10 Simple Ways to Build an Unbreakable Bond With Your Child, by Angela Pruess

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Our connection to our children means everything.

It means the difference between a confident child and an insecure one. It means the difference between a cooperative child and a defiant one. Our early attachments and ongoing connection to our children fostered through love, nurturance, and guidance is a strong predictor of our child’s success in many areas of life.

We’ve heard a lot about attachment, so the concept and importance of bonding with our baby seems obvious. Just because your little one has grown to become a lot bigger, smellier, and sassier doesn’t mean your bond and connection with them is any less vital to their development. In fact, it continues to be of the utmost importance throughout childhood.

Life with kids is busy. It’s not uncommon at the end of the day to find yourself wondering whether you even sat face to face with your child. Here’s the good news: You’re likely already engaging with your child in activities that promote a strong parent-child relationship.

Reading

We all know reading with children is a simple way to improve their language and reading skills. But research also shows that reading with children actually stimulates patterns of brain development responsible for connection and bonding.

This makes sense when we consider that story time usually involves cuddling, eye contact, and shared emotion. If you make reading together a priority in your home, you are without a doubt connecting with your child.

Art

Engaging in art or craft activities with children is an awesome way to provide not only a fun and enjoyable experience, but a therapeutic one as well. No matter their age, you’ll be hard pressed to find a child who can’t find an art medium that interests him.

When engaged in a creative process with children, we provide an outlet for them to express their thoughts and feelings. This is especially true with younger children, who aren’t yet able to verbalize their complex emotions. When your child has access to acreative outlet, odds are that interactions between the two of you will be more positive.

Music

Whether listening to them play an instrument or dancing to the “Trolls” soundtrack together, music offers lots of benefits for both parent and child, including bringing our awareness into our bodies and into the current moment. Your kids will be practicing mindfulness without even knowing it!

It’s pretty difficult to focus on a mistake at school yesterday or the test coming up tomorrow when we’re busy processing auditory input as well as coordinating our motor skills.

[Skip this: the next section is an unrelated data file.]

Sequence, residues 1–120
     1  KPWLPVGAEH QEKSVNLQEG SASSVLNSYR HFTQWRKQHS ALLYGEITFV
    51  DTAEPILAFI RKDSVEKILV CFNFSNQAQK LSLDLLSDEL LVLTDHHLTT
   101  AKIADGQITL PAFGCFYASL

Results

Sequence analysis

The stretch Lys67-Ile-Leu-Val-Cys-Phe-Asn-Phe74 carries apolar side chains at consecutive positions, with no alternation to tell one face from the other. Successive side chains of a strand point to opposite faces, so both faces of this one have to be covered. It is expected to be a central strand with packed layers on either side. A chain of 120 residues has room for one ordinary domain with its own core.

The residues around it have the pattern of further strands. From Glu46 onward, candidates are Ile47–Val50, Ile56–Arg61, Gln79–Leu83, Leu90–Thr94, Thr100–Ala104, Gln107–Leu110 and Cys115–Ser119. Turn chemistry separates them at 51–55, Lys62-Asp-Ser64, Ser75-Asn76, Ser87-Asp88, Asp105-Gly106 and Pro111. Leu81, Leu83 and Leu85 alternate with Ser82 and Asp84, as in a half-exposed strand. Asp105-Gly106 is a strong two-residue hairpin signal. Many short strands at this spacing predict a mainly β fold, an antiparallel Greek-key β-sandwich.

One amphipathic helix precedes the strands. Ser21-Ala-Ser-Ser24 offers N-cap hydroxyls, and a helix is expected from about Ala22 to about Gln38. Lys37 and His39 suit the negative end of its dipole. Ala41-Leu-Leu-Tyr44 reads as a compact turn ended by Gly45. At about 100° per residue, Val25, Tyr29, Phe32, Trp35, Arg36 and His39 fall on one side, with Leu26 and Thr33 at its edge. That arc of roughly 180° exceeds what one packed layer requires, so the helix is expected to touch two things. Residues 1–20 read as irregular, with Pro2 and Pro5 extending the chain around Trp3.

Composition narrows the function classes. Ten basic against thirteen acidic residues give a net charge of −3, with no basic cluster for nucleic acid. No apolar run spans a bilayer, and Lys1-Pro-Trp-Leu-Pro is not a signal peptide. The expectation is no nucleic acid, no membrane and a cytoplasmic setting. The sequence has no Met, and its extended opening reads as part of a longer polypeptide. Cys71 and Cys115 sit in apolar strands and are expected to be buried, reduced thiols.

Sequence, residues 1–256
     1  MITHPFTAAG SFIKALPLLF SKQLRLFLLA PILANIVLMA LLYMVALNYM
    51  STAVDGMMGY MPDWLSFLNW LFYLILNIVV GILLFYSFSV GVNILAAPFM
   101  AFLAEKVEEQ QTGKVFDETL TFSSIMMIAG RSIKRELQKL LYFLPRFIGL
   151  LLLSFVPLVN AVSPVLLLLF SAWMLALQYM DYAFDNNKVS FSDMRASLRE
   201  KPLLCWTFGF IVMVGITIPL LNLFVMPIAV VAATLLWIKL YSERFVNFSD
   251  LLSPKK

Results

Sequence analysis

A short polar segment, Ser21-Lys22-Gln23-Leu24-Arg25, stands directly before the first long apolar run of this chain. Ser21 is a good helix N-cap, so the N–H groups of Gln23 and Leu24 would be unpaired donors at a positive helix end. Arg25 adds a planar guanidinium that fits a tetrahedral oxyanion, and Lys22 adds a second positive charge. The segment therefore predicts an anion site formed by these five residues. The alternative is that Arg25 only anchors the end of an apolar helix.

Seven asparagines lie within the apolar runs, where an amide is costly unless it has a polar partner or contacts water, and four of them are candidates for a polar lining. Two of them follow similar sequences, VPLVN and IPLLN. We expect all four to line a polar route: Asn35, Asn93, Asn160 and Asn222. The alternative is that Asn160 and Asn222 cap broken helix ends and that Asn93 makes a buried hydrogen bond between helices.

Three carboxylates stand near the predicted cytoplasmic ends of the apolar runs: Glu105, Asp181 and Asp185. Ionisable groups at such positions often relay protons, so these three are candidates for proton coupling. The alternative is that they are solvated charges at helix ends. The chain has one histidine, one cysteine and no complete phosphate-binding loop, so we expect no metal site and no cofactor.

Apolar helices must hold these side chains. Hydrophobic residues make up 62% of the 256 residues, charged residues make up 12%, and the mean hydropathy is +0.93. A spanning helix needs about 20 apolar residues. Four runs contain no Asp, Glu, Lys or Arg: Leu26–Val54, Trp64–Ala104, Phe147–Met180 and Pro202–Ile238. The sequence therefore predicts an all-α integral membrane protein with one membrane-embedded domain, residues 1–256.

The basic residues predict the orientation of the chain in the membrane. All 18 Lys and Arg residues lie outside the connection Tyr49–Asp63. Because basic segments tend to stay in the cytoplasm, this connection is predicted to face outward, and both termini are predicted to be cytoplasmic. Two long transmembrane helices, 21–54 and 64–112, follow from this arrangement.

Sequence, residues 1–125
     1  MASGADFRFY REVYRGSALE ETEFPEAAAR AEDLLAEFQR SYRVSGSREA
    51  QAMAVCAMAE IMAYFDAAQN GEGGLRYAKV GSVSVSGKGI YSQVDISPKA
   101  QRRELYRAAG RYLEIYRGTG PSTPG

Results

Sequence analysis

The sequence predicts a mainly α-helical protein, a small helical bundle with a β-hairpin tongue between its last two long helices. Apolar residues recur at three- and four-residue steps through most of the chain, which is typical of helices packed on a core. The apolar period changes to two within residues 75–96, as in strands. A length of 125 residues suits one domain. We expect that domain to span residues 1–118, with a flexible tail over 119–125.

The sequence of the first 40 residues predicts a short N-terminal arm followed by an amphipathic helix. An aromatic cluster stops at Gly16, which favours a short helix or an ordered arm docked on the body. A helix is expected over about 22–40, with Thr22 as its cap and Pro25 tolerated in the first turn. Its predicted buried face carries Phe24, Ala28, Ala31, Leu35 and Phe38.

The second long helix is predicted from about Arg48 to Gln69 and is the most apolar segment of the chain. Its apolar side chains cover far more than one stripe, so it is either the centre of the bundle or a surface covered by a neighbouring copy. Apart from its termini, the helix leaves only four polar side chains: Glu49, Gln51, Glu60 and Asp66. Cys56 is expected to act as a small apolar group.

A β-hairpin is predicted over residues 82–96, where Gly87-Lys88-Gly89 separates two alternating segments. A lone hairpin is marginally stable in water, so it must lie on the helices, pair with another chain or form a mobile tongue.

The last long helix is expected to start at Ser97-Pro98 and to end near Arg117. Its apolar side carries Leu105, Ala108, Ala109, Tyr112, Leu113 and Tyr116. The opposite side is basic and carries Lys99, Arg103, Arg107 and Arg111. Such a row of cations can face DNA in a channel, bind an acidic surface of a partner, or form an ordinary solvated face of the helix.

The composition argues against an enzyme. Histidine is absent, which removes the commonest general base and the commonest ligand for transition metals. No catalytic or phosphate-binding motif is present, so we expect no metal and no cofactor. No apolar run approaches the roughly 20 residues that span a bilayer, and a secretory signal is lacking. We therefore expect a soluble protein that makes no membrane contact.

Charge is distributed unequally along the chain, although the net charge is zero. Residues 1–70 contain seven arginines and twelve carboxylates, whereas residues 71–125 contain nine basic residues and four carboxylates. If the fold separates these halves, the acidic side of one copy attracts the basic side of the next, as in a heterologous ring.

Nature

Feeling stressed? Stress is often a huge barrier to parents engaging with their children. Spending time with your child out in nature will go a long way to increase emotional health and physical well-being for both parties.

Research tells us that exposure to nature reduces our blood pressure, heart rate, muscle tension, as well as the production of stress hormones. Nature is no joke. Even if you don’t have time to go for a hike, simply water a plant together. These studies show similar effects can be derived from even small amounts of nature.

Play

Play is the language of children, so it only makes sense that we should try to connect with them though something that comes so naturally. When parents enter their child’s world and follow their lead in play, they open up the possibility for many positive outcomes, including taking on a different relationship role and seeing our children from a new perspective.

(To read more of this post, please follow the link below…)

http://www.parent.co/10-simple-ways-to-build-an-unbreakable-bond-with-your-child/

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Fear and Anxiety – An Age by Age Guide to Common Fears, The Reasons for Each and How to Manage Them, by Karen Young

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It is very normal for all children to have specific fears at some point in their childhood. Even the bravest of hearts beat right up against their edges sometimes. As your child learns more about the world, some things will become more confusing and frightening. This is nothing at all to worry about and these fears will usually disappear on their own as your child grows and expands his or her experience.